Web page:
EU data protection reform



The current EU Directive 95/46/EC on data protection dates back to 1995. Each EU Member State has implemented and interpreted the EU 1995 Data Protection Directive differently into its national laws which has resulted in a patchwork of legislation across the EU as well as different administrative procedures and enforcement approaches being adopted by local regulators.

With the advancement of technology and data used online and the problems faced by businesses that operate in numerous Member States, it is not surprising that on 25 January 2012, the European Commission proposed a comprehensive reform of the EU Data Protection Directive and published the first version of the proposed Data Protection Regulation to replace the 1995 Directive.

Whilst there have been many meetings, amendments and discussions as to the proposed Regulation, the exact wording of the Regulation has yet to be agreed. Whilst there is no set deadline, it is generally expected that the Regulation will be agreed by 2015 and will come into force in 2017 and will be applicable in all EU Member States. However what is clear is that the message the European Parliament is sending out is that the reform is a necessity and is now irreversible.

How will the reform affect economic growth?

The Regulation will have a direct effect on each of the EU Member States and will replace the current patchwork of national laws. This means that companies will only have to deal with one law and not 28.

In addition, the proposal is that there is will be a ‘one stop shop’ in that companies which operate in several Member States will only have to deal with one regulator rather than regulators in each state in which they operate. This should make it easier and cheaper for businesses to run and trade internationally.

Another proposal is the principle that the same rules will apply for all companies regardless of their establishment. At the moment European companies are subject to stricter standards relating to data use than those companies established outside of the EU but trade within the EU. The reform proposals will lead to companies based outside of the EU having to comply with the same rules. This will create a more level playing field. The reform will also enable data protection authorities to fine companies which do not comply with EU rules. The exact penalty has not been set although the European Commission previously proposed fines of up to 2 percent of the company’s global annual turnover whilst the European Parliament has increased this to €100m or 5 percent of the company’s global annual turnover, whichever is higher.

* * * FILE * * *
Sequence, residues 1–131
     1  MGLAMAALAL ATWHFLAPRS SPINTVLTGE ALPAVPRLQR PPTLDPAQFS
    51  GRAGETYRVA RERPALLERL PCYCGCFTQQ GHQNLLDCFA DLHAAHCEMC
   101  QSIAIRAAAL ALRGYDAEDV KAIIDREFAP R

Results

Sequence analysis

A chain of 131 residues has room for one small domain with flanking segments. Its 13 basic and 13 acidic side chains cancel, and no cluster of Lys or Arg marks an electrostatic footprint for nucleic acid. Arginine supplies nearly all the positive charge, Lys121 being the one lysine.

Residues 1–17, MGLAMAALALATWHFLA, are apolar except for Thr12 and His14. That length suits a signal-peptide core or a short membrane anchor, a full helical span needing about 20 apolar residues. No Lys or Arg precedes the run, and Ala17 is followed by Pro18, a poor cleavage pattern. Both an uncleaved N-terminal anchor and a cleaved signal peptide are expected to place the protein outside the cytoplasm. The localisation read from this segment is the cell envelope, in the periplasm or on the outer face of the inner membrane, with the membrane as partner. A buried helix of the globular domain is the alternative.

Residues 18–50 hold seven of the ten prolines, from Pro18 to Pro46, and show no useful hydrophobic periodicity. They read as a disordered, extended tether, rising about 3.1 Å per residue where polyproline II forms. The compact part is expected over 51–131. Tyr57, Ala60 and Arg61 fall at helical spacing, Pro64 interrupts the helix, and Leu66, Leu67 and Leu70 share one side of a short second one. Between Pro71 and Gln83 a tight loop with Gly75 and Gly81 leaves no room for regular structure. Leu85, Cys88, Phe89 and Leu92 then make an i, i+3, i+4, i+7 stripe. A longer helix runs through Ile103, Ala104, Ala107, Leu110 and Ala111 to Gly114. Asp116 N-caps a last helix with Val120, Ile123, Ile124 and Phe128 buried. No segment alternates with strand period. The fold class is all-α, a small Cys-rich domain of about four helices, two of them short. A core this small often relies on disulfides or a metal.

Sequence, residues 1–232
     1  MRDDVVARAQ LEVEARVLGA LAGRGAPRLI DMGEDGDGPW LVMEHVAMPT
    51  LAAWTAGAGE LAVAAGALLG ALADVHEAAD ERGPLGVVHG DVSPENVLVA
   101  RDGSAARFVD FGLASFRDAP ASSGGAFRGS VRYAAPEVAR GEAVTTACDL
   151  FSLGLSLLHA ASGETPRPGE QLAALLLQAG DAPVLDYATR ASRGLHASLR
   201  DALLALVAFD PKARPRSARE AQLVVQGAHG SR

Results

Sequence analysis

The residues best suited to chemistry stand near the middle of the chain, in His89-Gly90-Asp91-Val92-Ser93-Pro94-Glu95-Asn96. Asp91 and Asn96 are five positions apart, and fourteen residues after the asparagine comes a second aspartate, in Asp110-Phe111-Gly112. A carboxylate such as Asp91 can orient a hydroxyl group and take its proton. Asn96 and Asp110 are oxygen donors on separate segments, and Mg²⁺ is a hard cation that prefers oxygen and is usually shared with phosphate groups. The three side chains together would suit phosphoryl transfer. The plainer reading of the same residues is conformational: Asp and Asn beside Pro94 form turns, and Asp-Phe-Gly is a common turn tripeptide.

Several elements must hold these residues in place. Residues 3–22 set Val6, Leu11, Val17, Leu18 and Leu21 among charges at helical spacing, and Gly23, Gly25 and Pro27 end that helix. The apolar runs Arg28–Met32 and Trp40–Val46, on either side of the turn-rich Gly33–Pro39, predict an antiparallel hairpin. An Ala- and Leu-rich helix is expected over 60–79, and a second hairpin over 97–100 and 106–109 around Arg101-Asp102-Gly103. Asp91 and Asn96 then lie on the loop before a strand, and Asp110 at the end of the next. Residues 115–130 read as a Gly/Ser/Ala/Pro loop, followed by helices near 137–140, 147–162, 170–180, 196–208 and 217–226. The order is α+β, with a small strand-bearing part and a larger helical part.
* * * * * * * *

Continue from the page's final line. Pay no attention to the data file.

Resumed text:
How will the reform affect small and medium sized enterprises (SMEs)?

The current EU Data Protection Directive applies to all EU companies irrespective of their size. However there has been a proposal that some provisions of the Regulation will be exempt for SMEs, for example the obligation to appoint a data protection officer where data processing is not a core business activity.

There are also proposals for obligations on data controllers and processors to vary according to the size of the business in question and the nature of the data being processed. This will mean that SMEs will not necessarily be subject to the same obligations as large multinational companies.

SMEs will also be able to charge a fee for excessive or repetitive requests to access data and SMEs will not have an obligation to carry out an impact assessment unless there is a specific risk.

How will the reform affect EU citizens?

One of the proposals for the reform will be the clarification of the ‘right to be forgotten’ principle. The current EU Directive already includes such a principle whereby an individual can ask for their personal data to be deleted where the data is for example incomplete or inaccurate.

Following a recent Court of Justice of the European Union ruling earlier this year, the Court held that in certain circumstances a search engine (in this case Google) will be obliged to remove from their search results links to webpages which contain “inadequate, irrelevant or no longer relevant or excessive” information about individuals. The Court did, however, point out that this ‘right to be forgotten’ is not absolute and must still be balanced against other fundamental rights, such as the freedom of expression.

The proposed Regulation will modernise the current EU Directive though, in that non-EU companies offering services to EU customers must still comply with the Regulation. The European Commission has also proposed to reverse the burden of proof in that it will be the company, and not the individual, to prove that the data cannot be deleted because it is still relevant.

The reform proposals also aim to provide EU citizens with more control over their data so that where consent is required to process that individual’s data, they must give it explicitly. So, not giving a response will not equate to an affirmative answer.


It is clear that the current EU Data Protection Directive has not kept up with the changing pace of the current digital age and is in need of modernisation. However, there are concerns that the direct applicability of the Regulation could lower data protection standards in some Member States. With the conflicting interests of each Member State it will be interesting to see how the final agreed Regulation will compare to the original published version in 2012.


Simon Miles is a partner and Head of Intellectual Property, and Karen Lee is an associate, at Edwin Coe LLP. Mr Miles can be contacted on +44 (0)20 7691 4000 or by email: Ms Lee can be contacted on +44 (0)20 7691 4000 or by email:

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Simon Miles and Karen Lee

Edwin Coe LLP

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